The Cleveland Cavaliers are one of the most interesting teams in the NBA this year, if only because their future is so uncertain.
Will LeBron James be back after the season? Will Isaiah Thomas fit in seamlessly when he returns from injury, and will he return or depart come free agency? Finally, will the Cavaliers hold onto the Brooklyn Nets pick they received in the Kyrie Irving trade or will they deal it for veteran help either this season or in the offseason?
And who might that veteran help be?
It's isn't hard to connect the dots. The Cavaliers could use an upgrade at center, and it just so happens that a few should logically make their way onto the trade block. DeAndre Jordan and Marc Gasol, most notably, are talented veterans stuck on teams struggling in a major way this season that are unlikely to make a playoff run.
But as Sean Deveney of The Sporting News reported, "Cleveland has been linked to the Clippers' Jordan and Memphis' Gasol, but one source said any such deal is still a way off. The primary bait the Cavaliers could offer would be center Tristan Thompson, who has been dealing with a calf injury and has lost his spot as a starter."
The other bait, obviously, is Brooklyn's first-round pick. But Deveney wrote that multiple league sources have said the Cavaliers remain unwilling to deal that particular asset.
"They would be open to a deal by all indications," a general manager told Deveney. "But they're not talking about that pick. That's the Plan B for the LeBron stuff and from what I know, they don't want to budge on it."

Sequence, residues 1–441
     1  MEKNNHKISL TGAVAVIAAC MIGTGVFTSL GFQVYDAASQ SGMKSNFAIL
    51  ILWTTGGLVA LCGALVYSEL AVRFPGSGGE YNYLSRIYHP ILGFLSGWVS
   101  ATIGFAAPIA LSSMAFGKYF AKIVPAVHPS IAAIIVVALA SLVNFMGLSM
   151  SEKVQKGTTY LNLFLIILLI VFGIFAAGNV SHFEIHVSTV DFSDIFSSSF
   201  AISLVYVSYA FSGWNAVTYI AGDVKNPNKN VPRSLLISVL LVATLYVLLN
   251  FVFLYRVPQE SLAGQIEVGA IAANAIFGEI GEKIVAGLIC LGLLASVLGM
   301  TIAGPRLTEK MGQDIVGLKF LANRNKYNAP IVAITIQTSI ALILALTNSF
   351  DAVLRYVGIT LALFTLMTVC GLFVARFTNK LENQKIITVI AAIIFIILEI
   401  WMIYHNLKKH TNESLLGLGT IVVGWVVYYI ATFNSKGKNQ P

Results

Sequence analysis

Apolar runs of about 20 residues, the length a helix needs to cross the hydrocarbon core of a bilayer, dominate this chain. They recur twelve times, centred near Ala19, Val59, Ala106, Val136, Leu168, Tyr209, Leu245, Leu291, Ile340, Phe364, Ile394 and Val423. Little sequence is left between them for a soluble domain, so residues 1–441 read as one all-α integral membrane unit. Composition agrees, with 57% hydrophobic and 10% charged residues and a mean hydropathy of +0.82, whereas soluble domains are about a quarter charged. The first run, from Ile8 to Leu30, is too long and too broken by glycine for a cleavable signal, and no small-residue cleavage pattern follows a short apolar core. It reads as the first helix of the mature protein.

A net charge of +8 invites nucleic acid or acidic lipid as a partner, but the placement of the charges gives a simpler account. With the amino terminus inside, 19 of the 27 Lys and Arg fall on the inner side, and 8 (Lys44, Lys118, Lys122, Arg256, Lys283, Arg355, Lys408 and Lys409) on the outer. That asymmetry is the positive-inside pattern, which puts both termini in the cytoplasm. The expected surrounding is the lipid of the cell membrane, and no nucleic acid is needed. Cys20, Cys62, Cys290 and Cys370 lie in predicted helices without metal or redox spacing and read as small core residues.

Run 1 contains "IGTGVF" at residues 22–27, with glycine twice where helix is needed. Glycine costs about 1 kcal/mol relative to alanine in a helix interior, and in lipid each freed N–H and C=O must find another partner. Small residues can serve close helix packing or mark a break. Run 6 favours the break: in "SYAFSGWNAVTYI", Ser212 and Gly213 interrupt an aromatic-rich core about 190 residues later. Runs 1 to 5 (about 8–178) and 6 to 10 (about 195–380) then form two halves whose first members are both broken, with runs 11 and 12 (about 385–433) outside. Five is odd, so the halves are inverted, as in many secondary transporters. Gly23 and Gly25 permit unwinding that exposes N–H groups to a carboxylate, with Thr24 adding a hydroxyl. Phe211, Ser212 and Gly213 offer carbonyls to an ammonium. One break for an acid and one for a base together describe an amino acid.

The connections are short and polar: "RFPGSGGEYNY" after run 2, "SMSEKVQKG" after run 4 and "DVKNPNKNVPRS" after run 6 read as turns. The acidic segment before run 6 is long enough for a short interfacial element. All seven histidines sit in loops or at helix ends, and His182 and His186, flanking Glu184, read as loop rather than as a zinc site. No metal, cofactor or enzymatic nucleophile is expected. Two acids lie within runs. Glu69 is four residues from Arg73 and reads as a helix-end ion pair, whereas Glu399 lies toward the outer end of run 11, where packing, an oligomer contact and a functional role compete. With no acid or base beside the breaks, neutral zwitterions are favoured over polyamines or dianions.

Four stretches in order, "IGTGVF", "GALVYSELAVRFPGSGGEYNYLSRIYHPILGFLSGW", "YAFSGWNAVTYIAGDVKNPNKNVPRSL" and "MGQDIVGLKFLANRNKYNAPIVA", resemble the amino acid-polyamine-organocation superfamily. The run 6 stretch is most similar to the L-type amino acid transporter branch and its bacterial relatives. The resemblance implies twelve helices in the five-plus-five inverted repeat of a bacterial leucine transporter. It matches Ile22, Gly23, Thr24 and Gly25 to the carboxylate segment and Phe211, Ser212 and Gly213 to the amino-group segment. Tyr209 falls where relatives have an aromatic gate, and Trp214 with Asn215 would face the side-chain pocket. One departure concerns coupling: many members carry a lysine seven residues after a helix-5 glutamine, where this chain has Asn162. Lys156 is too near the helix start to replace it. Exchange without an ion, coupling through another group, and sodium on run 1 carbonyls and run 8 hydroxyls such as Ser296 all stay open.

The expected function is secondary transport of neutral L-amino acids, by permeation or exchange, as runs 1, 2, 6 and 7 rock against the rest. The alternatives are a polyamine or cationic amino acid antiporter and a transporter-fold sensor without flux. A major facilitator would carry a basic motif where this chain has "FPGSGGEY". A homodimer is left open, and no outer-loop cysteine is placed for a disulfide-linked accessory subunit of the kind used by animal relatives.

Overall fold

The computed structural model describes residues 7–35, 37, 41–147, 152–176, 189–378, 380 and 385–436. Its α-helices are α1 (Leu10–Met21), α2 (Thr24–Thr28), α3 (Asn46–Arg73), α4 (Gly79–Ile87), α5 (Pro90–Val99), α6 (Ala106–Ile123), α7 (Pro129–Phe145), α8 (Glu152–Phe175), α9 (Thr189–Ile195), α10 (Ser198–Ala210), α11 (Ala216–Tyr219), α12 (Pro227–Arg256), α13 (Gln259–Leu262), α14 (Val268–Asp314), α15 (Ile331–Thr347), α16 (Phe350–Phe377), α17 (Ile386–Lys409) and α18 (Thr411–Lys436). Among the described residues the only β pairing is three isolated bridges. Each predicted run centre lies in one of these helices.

In other words, the Cavaliers see the Brooklyn pick as their backup plan in the event James departs in free agency. If that domino falls, Thomas might follow suit. In that event, the Cavaliers would have two major assets—the Brooklyn pick and a Kevin Love trade—as a means to begin their rebuild.
But keeping the pick serves a dual purpose, as the Cavaliers can also use it this offseason to make a deal for a veteran to try to entice James to remain in Cleveland. Making the move for Jordan this offseason is riskier, as he can opt out of his contract this summer. That could leave the Cavaliers without three stars and a draft pick.
But if they keep it, they either draft a player for the future or use it to bring aboard another veteran to pair with James that is more than a half-season rental.
Gasol, meanwhile, is under contract for one more year and has an opt-out clause for the 2019-20 season, but there's an argument to be made that he isn't as good of a fit as Jordan, who is the better rebounder and more impactful defensive presence (though Gasol does block 1.4 shots per game, compared to 1.1 for Jordan).
Plus, where Gasol would need to be more involved in Cleveland's offense, Jordan could essentially serve the function of the roll man in the pick-and-roll, finishing lobs.
Or as Joe Vardon of Cleveland.com put it in late November, "I'm not sure [Gasol] gives you much more (overall) than what Love gives. Jordan, meanwhile, playing with Love would change the Cavs' dynamic."
So from Cleveland's perspective, landing Jordan without giving up the Brooklyn pick is arguably the most ideal situation. It may be an impossible sell for the Los Angeles Clippers, however, who would be crazy not to get a least one first-round pick for a player of Jordan's stature.
The Cavaliers don't seem inclined, at this point, to give up that Brooklyn pick. It's a superb backup plan to keep in their back pocket. And without seeing how Thomas fits with James, Love and the rest of the Cavaliers, patience makes sense.
Any trade the Cavaliers approve involving that Brooklyn pick must serve two purposes: Bridging the gap between the Cavaliers and Golden State Warriors and enticing James to remain in Cleveland after the season.
If both of those goals can't be satisfied, the Cavaliers would be crazy to throw away such a valuable insurance policy.